On Beinn Damh

Beinn Damh from Torridon

Hillwalking route up Beinn Damh from Loch Torridon

A lovely route from Loch Torridon through rhododendrons and Scot's pine woodlands, follows a decent path onto Beinn Damh's crest with its summit above mighty coires.

Route outline


Beinn Damh

Ascent 960m (3140ft)
Distance 12km (8m)
Time 4:50hr
Start/finish Torridon Inn
Grid Ref : NG890543
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This route begins from Loch Torridon and is a delightful way to experience Beinn Damh. Following a fine path through rhododendrons and Scot's pines, the route passes a spectacular waterfall then leads walkers out onto open hillside where the hulk of the mountain presents itself. Rocky and bouldery crests sit high above corries and buttresses, with the summit just a shade under Munro height.

Parking is available by the Torridon Inn and its Beinn Bar and is an excellent place to return after a hike up Beinn Damh to relax and mull the day over a pint.

Route map

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Route description

1. Getting to Torridon

Path at foot of Beinn Damh

Path at foot of Beinn Damh

Torridon is a small village at the northern head of Loch Torridon sitting around halfway on the A896 which travels from Lochcarron to Kinlochewe, part of the famed NC500 route (note that much of the A896 is single track road).

On the southern side of the loch is Annat and the Torridon Hotel. Parking for this route is available by the entrance to the hotel and by its Beinn Bar which is an excellent place to return after a hike up Beinn Damh to relax and mull the day over a pint.

2. Beinn Damh

Path junction at around 300m below Beinn Damh

Path junction at around 300m below Beinn Damh

From the car-parking area and facing the Beinn Bar, aim to the left of the main building and follow a signposted route along to a bridge over the Allt Coire Roill. Immediately over the bridge a three-way junction is met - a signpost indicates the direction to be taken, left up a rough pine-needle covered track.

The track climbs between felled rhodedendron bushes and meets up with a gate in a large deer-fence by the A896. Through the gate, cross the road and onto a fine path through a Scot's Pine forest.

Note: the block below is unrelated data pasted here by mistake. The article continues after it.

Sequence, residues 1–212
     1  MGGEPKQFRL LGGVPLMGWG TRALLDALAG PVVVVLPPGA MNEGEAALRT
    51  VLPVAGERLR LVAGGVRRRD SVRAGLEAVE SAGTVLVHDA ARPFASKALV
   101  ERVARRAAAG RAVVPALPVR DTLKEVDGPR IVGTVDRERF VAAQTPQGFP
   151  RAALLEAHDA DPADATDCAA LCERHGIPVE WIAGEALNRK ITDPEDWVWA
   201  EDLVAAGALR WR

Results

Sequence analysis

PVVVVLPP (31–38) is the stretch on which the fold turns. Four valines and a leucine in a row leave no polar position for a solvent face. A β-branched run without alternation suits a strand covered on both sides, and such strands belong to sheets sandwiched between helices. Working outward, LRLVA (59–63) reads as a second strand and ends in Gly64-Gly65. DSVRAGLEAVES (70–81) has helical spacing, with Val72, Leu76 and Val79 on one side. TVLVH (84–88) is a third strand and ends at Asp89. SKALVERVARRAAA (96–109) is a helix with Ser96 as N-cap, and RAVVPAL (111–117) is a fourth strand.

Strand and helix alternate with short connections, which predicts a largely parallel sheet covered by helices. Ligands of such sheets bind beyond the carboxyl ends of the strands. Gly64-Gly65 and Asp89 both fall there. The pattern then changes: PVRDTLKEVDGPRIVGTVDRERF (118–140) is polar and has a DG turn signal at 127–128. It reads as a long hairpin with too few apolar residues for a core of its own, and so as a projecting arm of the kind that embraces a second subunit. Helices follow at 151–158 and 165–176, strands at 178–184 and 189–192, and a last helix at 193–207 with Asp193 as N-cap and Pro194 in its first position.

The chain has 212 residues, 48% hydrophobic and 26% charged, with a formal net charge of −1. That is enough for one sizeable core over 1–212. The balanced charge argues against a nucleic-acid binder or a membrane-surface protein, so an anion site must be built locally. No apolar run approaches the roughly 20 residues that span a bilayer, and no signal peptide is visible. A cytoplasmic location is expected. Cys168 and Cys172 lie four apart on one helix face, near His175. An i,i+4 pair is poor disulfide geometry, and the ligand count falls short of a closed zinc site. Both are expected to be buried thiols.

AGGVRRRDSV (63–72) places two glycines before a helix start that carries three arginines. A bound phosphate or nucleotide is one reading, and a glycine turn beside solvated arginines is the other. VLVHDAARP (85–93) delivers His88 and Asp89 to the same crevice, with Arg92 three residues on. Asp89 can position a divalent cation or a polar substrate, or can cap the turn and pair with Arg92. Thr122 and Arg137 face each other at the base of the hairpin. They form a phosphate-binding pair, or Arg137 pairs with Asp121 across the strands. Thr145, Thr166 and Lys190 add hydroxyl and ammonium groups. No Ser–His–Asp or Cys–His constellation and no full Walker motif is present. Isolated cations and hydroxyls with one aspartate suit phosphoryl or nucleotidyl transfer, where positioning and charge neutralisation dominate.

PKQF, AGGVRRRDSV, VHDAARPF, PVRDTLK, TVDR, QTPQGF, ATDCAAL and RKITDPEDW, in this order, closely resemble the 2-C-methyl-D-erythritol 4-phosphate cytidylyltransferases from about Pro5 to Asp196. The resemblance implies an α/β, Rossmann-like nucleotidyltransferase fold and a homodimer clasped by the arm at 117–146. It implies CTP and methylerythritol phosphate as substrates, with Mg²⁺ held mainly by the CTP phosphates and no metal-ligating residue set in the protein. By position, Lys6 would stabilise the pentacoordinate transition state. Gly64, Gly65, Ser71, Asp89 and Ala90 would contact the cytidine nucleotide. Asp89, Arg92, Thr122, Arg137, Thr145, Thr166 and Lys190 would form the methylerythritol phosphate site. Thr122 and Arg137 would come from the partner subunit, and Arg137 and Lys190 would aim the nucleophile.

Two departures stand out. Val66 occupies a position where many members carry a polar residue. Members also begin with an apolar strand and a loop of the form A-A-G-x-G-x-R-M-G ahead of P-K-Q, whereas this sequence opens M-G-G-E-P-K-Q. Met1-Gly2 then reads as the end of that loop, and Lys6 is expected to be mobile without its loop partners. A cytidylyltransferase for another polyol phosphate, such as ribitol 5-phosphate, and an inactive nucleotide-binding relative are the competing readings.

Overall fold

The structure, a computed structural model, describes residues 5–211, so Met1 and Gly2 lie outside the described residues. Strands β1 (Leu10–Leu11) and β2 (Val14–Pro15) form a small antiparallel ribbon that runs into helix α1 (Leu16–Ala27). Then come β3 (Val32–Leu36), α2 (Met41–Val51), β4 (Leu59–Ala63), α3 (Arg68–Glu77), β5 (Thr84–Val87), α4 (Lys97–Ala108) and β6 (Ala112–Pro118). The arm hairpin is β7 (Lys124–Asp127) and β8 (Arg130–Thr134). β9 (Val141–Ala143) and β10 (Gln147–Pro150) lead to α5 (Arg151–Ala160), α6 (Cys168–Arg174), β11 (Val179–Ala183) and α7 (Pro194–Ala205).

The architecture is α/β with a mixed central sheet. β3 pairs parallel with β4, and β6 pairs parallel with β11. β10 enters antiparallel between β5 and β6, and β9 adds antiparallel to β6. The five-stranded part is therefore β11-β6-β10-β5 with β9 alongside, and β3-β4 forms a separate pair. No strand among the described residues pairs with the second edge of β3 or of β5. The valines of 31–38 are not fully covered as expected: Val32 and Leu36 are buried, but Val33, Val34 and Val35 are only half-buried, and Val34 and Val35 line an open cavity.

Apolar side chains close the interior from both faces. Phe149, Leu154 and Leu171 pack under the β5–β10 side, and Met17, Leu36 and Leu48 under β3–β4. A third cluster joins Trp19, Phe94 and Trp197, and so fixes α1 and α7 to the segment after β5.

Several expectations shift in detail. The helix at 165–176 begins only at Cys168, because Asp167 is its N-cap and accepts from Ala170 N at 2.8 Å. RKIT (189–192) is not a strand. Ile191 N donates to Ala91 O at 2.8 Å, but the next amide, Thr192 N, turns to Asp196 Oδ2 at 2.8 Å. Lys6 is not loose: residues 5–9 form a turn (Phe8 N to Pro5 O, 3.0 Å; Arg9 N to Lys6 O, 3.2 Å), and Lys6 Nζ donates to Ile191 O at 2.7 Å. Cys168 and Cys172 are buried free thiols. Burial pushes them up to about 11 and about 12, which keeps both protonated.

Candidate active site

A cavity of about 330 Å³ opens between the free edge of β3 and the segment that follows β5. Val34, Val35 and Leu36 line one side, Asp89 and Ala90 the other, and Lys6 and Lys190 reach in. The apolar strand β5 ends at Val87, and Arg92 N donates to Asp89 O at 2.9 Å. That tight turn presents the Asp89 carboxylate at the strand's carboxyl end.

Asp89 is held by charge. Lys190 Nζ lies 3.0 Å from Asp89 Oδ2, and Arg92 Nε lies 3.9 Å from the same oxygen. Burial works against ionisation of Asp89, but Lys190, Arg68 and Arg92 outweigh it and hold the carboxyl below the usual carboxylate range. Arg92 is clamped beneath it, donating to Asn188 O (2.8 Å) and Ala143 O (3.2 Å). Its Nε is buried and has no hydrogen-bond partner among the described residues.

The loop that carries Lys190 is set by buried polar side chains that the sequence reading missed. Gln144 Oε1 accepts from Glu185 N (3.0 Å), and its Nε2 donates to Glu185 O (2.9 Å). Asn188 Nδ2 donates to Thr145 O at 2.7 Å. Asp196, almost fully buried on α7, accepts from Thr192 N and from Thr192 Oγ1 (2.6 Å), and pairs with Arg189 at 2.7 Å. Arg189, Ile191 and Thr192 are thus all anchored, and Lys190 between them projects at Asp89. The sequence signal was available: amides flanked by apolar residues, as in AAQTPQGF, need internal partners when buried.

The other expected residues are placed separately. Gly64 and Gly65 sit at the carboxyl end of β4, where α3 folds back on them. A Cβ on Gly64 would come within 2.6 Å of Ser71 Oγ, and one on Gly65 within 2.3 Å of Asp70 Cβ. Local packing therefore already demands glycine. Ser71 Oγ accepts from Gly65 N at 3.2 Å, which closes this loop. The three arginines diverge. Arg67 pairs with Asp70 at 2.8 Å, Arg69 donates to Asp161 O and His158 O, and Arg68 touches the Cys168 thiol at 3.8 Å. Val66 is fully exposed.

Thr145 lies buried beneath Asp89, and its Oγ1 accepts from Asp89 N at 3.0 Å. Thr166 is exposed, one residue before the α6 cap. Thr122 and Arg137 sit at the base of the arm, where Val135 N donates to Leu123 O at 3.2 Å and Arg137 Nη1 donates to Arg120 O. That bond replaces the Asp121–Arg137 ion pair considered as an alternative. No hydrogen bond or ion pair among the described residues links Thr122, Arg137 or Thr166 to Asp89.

Follow the path and after around 100m of ascent, keep an eye out for a loud tumbling waterfall - in summer this may be difficult to see through the green undergrowth - there is a view-point on the way, but take care as tree-roots crossing the path may be slippy when wet.

Shortly after the waterfall, the path comes out of the forest and at around the 200m contour, the path comes to a junction - keep right. Further uphill and at around the 350m contour, the constructed and maintained path comes to an end and a boot-worn but obvious path takes over.

With occasional cairns aiding navigation, the path continues onto Beinn Damh's crest from where a faint path then continues southwards.

Keeping to this path which climbs and contours around the south face of the minor summit of Creagan Dubh Toll nam Biast and therefore avoids most of the surrounding boulderfields.

The path rejoins the crest south of Creagan Dubh Toll nam Biast, where a narrow ridge is crossed followed by an easy walk up slabs, steps and boulders to gain the Beinn Damh's summit cairn sitting rather precariously above huge drops.

View from Beinn Damh's summit to Beinn Alligin

View from Beinn Damh's summit to Beinn Alligin

Stunning views in all directions !

View from Beinn Damh's summit to Beinn Alligin

View from Beinn Damh's summit to Beinn Alligin

3. Return

Returning along Beinn Damh

Returning along Beinn Damh

Return is by the same route.

Alternatively from Beinn Damh's summit, return along the crest and up to Creagan Dubh Toll nam Biast - beware that this is pathless and boulder-strewn !

From Creagan Dubh Toll nam Biast, either follow the bouldery north-west spur back to rejoin the path, or aim northwards and follow the crest down Glac Bhuidhe, keeping well to the west of Creag na h-Iolaire and descend on heather to rejoin the path lower down.

4. Personal notes

Waterfall below Beinn Damh

Waterfall below Beinn Damh

Beinn Damh is a cracking little mountain and one of my favourites in the north-west highlands.

It is not quite in the league of its higher Munro neighbours such as on Beinn Allgin, Liathach or Beinn Eighe. However, that lack of height can be an advantage - when I organised guided hiking events in Torridon, Beinn Damh was often used as a standby hill when cloud sulked on the nearby Munro summits, as often Beinn Damh's summit remained clear !

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Alternative and nearby routes »

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Beinn Alligin and Beinn Dearg

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